With relation to your question about scar tissue: massage actually support the largest organ of the body, the skin. The benefits of massage on the skin are many, let me list just a few:
Increase nutrition to the cells and encourages cell regeneration
help to re-moisturise and soften dry skin, improving skin's elasticity
Increase superficial blood circulation trough capillaries, which improves skin's texture.
I really hope this answered all your questions. Please let me know what you think and if there is more that you would like to ask, I would love to help you.
Massage can certainly make scar tissue more comfortable and prevent reduced flexibility on the tissue. However, only begin a treatment plan when scars have completely healed - also any underlying wound must be totally healed.
Massage pressure should be gentle initially and pressure may gradually be increased over weeks/months as pain subsides.
However, check with your healthcare provider that you may begin a therapeutic massage plan.
hi there! massage would be great. just avoid the stomach and groin area: basically anywhere you still have residual pain and sensitive scar tissue! sounds like you've had quite a lot of surgery done. when you go for a massage let your therapist know about your medical history and most of all make sure you are comfortable on the couch. don't forget you have absolute control over pressure applied by your therapist: if it's too strong(or not firm enough), let them know. enjoy!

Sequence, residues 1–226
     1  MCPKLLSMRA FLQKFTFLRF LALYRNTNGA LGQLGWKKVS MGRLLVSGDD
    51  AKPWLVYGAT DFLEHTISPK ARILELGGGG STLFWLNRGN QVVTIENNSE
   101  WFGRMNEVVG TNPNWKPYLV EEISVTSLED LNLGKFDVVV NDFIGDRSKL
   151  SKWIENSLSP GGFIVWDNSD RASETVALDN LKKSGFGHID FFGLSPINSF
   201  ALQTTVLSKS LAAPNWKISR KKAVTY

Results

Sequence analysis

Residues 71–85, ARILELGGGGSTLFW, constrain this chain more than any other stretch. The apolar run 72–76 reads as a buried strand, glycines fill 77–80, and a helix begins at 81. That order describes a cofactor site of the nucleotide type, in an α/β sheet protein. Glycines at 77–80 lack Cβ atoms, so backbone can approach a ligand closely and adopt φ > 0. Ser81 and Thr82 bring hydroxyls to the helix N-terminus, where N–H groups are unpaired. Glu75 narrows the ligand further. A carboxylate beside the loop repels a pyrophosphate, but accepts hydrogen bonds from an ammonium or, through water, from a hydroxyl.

It depends on how long ago you received your last operation, I.T.E.C recommended leaving scar tissue for at least 2 years to allow it to heal fully, so no damaged is caused through massage.
Also an I.T.E.C therapist is taught to avoid the groin area as it is within the femoral triangle, the area running from the middle of the top of the thigh to the inner thigh about 6 inches above the knee, so with an I.T.E.C therapist this area would not be treated and you wouldn't have to worry.
Once or if 2 years have passed, if is still uncomfortable I suggest if you really want to have a massage treatment then inform the therapist of the details and ask them to be gentle and make sure if you do feel any pain or discomfort you let them know so they can either ease off the pressure or stop completely, if its just too much for you, always remember you are in control of your massage treatment, not the therapist and they should be aware of that too.